KPFM and C-AFM are two techniques that can be used to study different aspects of materials. KPFM is a non-contact surface imaging technique that measures the surface potential of materials with high spatial resolution. In the context of perovskites, KPFM can be used to study the local variation in surface potential and work function of the perovskite layer, which is related to the distribution of charges in the material. KPFM can also be used to measure the built-in potential of the device, which provides information about the energy level alignment between the different layers in the solar cells [4], [5]. Figure 2 shows representative results of sideband KPFM measurements on a perovskite thin film. The sideband KPFM has an advantage in terms of the spatial resolution of the surface potential measurement relative to Amplitude Modulation (AM)-KPFM. It is mainly affected by the AFM tip apex, and it detects the electrostatic force gradient by frequency changes and results in better resolution. The results provide information about the local surface potential of the sample, indicating the presence of different regions with different electronic properties, which can be related to the charge carrier concentration and the presence of defects. These variations could be attributed to variations in the composition, morphology, or defects of the perovskite material.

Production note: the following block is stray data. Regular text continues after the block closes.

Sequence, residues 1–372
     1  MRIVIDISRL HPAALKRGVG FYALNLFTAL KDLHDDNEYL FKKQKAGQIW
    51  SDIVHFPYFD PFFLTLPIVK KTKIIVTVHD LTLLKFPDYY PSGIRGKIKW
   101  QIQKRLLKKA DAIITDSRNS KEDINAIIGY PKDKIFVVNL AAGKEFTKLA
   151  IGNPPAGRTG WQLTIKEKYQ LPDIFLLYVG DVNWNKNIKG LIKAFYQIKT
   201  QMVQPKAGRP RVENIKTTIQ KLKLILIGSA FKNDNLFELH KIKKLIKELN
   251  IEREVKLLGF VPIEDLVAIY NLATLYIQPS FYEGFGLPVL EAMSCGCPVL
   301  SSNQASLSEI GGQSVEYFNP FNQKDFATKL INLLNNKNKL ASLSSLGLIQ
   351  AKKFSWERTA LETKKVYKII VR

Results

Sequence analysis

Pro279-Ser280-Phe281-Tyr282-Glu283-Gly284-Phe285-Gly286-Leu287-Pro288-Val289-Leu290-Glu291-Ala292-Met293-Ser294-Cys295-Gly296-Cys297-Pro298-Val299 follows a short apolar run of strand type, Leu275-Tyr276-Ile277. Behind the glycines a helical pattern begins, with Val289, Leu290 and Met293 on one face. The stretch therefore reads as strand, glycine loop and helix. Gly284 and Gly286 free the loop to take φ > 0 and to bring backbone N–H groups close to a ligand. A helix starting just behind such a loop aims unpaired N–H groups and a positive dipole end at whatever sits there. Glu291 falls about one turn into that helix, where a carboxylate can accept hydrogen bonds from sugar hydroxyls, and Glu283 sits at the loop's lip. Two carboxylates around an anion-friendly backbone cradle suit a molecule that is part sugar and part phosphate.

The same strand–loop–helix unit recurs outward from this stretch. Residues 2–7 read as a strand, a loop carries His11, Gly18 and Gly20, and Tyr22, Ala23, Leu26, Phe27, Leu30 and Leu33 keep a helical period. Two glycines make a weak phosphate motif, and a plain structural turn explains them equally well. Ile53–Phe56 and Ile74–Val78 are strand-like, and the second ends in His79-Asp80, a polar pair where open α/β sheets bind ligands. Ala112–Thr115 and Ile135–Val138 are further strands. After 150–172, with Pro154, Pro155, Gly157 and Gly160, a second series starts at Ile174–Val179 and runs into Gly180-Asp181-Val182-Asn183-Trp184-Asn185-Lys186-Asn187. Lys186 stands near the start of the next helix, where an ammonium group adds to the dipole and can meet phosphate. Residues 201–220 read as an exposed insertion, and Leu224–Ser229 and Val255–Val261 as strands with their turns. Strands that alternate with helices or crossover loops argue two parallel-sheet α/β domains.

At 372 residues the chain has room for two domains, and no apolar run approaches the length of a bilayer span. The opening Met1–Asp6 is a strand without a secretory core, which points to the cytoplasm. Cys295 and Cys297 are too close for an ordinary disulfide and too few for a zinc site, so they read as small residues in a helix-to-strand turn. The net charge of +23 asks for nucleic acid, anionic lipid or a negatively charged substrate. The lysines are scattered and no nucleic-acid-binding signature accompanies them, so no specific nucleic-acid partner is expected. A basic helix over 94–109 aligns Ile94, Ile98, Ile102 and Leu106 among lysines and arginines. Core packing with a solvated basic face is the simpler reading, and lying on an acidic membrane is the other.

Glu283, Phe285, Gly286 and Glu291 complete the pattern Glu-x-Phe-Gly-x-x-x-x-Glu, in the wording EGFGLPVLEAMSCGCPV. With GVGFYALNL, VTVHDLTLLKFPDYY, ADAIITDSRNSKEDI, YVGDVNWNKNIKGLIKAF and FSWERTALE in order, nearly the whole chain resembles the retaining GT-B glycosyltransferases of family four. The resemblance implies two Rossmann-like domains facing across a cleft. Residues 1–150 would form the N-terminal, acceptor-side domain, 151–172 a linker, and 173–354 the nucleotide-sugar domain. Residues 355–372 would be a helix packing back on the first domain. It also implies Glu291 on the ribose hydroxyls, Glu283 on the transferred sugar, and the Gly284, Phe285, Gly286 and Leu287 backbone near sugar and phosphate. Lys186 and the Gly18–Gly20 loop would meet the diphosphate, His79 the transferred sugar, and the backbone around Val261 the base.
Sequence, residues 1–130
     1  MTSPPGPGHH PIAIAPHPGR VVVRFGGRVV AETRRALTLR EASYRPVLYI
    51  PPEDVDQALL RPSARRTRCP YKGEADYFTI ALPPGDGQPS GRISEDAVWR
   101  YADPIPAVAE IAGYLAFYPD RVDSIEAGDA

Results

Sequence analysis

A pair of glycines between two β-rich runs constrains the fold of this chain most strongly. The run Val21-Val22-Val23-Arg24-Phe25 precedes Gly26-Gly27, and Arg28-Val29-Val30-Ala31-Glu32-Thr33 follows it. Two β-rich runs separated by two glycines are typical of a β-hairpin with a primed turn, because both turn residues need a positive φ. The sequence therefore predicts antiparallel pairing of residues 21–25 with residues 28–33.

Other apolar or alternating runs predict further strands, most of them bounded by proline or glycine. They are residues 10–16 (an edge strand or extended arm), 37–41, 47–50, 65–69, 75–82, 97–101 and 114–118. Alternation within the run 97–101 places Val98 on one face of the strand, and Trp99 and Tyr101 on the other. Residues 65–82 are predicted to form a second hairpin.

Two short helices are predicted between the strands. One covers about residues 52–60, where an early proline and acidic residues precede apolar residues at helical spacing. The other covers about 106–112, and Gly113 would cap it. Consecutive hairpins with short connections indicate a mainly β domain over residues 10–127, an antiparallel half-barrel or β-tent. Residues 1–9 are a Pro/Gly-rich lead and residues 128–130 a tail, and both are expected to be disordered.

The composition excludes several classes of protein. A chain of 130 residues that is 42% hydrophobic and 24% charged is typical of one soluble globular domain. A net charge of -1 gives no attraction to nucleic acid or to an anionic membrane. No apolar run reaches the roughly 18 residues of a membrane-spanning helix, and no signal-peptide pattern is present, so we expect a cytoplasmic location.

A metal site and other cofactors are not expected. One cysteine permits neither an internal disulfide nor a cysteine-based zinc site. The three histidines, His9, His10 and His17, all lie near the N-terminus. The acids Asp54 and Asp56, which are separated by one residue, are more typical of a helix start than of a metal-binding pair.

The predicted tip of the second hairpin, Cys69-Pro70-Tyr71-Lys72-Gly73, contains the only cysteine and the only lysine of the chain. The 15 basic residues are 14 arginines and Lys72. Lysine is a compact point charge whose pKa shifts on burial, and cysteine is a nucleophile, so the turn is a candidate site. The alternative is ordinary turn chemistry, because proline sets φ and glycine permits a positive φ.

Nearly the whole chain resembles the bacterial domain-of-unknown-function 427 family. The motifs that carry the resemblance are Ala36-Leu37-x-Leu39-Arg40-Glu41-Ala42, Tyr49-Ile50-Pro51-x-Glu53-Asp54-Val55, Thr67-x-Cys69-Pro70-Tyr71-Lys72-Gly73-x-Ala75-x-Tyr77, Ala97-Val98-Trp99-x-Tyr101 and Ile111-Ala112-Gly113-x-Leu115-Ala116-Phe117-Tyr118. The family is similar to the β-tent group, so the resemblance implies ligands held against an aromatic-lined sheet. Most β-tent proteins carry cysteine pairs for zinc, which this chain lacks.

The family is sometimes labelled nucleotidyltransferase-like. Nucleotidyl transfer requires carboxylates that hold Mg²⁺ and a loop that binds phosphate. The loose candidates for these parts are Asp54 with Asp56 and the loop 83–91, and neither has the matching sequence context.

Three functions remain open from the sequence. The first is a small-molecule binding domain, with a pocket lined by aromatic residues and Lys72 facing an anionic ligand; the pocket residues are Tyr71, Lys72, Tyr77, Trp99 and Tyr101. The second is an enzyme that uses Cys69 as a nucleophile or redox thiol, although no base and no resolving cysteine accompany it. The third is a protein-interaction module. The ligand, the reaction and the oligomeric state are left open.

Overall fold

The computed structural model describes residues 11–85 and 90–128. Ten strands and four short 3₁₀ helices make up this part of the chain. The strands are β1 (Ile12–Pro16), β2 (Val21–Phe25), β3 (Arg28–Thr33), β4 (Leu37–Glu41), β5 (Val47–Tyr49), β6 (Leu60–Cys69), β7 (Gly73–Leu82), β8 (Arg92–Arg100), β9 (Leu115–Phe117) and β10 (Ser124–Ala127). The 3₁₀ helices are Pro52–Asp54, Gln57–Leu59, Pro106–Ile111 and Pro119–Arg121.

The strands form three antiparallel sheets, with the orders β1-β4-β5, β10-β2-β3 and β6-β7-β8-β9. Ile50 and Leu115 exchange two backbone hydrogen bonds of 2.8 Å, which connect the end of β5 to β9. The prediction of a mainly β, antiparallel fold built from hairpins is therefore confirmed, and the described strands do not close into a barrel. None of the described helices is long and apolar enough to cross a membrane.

app86 FIG02
Figure 2. KPFM results (Height, KPFM potential and 3D Overlay (Overlaying the KPFM potential information in the height image) images)on perovskite thin film. Scan size: 4 μm × 4 μm, pixel: 512 × 256, performed by Park NX10.


C-AFM is a contact mode imaging technique that measures the electrical conductivity of materials at the nanoscale. Accordingly, C-AFM can be utilized to study the local conductivity of the perovskite layer, which provides information about the charge transport properties of the material. By mapping the local conductivity of the perovskite layer, C-AFM can help researchers understand the mechanisms that govern charge transport in the material and optimize the performance of perovskite solar cells [6], [7]. In figure 3, the C-AFM measurement was performed by scanning a conductive AFM tip over the surface of the perovskite thin film while applying 0.5 V to the bottom layer. The surface current image revealed that the perovskite film under red light excitation ( Wavelength of 635 nm ) had some localized regions exhibiting slightly higher or lower conductivity, suggesting that there may be regions of higher carrier concentration within the perovskite film.


app86 FIG03
Figure 3. C-AFM results (Height and current images) on perovskite thin film. Scan size: 5 μm×5 μm, pixel size: 512×512,performed by Park NX10. Image courtesy: Kanjanaboos Lab, Mahidol University, Thailand 


Observing the photoelectric effect